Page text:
A baseball trade: one ball for one stone
March 22, 2016 | Ed Foster Jr.
The boys and the field were mostly a blur, when Arnold shouted at our driver to stop the van.From the side of the road on the outskirts of Havana, Cuba we watched the sandlot baseball game in progress with seven young players sharing two mitts, one well chipped bat and – a stone?
It didn’t take long before we looked at one another in disbelief and simultaneously spoke, “they don’t have a ball.” Our astonished looks quickly turned to smiles, because we had a ball. In fact, we had three baseballs. We never packed for Cuba without fitting a couple of cowhide-wrapped orbs between bottles of ibuprofen, vitamins, toothpaste, reading glasses and countless other necessities we take for granted.
Arnold bent over the seat and rummaged through one of the duffel bags for a baseball. Finding one, he rapidly peeled the shrink wrap, called out and tossed the prize toward the group of seven.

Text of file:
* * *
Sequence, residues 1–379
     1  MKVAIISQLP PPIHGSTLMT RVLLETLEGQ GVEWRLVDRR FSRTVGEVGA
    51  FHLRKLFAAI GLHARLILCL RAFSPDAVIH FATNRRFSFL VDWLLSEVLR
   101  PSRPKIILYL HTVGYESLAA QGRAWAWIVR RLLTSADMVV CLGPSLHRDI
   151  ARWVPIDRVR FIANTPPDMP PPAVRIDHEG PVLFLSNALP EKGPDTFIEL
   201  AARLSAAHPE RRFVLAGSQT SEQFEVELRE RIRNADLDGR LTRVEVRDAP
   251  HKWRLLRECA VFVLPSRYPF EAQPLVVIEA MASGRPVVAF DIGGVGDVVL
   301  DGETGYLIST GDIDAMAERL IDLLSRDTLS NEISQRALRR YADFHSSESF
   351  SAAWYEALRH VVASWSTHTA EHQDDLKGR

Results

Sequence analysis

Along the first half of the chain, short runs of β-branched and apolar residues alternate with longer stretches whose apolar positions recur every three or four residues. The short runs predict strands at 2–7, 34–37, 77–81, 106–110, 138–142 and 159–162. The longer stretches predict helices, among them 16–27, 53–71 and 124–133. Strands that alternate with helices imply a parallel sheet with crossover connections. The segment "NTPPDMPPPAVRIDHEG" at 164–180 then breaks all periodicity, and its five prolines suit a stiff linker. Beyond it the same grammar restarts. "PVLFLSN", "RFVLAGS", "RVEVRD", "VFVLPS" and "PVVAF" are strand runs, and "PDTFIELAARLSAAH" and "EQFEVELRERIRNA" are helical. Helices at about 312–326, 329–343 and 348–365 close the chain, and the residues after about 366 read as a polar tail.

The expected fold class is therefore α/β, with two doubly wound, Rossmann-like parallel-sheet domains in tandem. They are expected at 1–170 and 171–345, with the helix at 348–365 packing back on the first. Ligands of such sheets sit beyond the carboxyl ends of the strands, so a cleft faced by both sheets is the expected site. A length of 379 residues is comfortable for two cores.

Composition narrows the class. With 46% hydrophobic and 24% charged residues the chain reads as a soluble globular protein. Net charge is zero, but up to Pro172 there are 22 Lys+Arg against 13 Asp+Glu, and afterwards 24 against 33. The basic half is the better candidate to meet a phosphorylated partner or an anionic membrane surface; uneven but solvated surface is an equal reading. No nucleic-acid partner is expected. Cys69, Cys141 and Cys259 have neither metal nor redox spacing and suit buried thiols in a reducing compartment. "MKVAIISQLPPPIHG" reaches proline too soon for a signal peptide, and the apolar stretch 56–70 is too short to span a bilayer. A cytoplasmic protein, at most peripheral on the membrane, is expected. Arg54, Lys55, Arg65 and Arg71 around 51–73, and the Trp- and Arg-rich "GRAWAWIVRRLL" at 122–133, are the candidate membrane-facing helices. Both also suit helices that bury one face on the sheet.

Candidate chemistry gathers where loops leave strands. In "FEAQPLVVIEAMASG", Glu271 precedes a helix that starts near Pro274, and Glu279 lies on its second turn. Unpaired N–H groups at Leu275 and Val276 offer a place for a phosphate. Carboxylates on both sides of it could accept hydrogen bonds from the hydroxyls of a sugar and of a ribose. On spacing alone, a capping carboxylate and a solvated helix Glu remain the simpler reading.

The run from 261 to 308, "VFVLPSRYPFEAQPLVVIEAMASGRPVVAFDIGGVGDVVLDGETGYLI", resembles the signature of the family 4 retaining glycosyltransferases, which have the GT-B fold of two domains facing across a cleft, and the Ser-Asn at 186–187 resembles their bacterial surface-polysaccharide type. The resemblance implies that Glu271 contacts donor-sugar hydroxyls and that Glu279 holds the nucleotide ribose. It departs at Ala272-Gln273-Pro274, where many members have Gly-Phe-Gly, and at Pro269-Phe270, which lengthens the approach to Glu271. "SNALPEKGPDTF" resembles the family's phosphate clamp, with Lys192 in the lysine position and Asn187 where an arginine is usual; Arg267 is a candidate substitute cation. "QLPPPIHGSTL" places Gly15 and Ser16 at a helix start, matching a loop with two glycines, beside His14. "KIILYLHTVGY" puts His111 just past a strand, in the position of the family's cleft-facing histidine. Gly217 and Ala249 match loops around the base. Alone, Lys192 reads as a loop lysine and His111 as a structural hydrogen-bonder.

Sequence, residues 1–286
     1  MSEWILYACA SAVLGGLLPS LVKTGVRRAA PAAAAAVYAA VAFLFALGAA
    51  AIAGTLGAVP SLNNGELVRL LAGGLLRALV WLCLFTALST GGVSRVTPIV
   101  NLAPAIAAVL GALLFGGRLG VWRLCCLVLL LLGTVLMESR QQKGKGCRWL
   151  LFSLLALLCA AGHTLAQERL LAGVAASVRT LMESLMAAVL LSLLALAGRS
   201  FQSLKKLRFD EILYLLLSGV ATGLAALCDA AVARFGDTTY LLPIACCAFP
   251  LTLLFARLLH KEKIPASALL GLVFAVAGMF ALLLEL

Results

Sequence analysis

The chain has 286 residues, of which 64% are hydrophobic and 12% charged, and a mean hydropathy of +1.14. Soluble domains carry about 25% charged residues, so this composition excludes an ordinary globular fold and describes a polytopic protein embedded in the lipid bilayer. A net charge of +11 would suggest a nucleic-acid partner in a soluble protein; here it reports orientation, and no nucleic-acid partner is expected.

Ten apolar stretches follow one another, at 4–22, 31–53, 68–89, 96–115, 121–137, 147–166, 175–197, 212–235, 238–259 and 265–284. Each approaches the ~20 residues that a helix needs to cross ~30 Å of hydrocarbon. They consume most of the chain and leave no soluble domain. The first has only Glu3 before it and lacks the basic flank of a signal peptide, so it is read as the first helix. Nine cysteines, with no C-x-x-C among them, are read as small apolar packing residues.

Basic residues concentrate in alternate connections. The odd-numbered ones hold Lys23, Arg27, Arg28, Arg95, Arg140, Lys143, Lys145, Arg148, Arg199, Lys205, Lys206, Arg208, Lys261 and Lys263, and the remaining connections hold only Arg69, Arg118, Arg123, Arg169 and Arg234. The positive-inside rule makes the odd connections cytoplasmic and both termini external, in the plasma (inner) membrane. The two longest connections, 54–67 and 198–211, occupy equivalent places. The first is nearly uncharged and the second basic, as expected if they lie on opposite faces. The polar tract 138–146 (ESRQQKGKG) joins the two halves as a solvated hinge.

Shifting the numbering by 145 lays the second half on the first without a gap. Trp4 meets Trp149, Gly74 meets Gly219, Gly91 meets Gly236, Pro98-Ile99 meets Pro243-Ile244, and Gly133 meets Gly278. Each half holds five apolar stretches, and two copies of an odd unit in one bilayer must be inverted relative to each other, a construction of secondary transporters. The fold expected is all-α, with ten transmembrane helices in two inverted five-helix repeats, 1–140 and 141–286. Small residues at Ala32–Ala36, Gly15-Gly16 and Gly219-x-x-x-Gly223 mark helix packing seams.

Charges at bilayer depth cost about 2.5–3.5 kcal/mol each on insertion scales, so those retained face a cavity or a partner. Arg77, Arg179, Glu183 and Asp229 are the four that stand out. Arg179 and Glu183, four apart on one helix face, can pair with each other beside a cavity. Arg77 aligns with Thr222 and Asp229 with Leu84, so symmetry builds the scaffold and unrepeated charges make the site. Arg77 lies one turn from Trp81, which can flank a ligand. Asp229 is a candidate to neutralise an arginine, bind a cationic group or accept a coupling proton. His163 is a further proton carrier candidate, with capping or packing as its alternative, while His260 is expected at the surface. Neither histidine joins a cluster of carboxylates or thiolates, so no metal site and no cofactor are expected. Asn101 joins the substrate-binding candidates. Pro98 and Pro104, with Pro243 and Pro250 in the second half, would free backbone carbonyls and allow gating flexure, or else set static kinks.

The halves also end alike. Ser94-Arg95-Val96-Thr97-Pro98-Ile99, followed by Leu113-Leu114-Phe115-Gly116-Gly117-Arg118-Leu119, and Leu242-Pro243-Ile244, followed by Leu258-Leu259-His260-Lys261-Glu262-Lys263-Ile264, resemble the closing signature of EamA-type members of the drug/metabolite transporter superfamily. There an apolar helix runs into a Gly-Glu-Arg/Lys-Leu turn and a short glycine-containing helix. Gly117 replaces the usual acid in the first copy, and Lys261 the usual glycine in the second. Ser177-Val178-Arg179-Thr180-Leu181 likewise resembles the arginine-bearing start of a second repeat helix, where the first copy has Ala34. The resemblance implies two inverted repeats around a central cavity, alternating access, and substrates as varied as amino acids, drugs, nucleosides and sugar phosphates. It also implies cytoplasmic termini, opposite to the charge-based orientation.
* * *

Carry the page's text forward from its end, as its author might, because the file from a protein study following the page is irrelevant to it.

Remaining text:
Fourteen little hands bolted upward in an attempt to catch the shiny white prize dropping from the sky. The boy in the yellow shirt snagged the flying ball and the group fell silent as they gathered close to admire the treasure cradled in their buddy’s hands. Before long the new ball was passed around where it was handled fastball style by one budding pitcher while another imitated a three-finger changeup grip.
The little men looked up, smiled and shouted their appreciation before ditching the stone and resuming their game. Three days later on our return journey from Pinar del Rio we passed the field again and the seven were still there sharing a still-white baseball.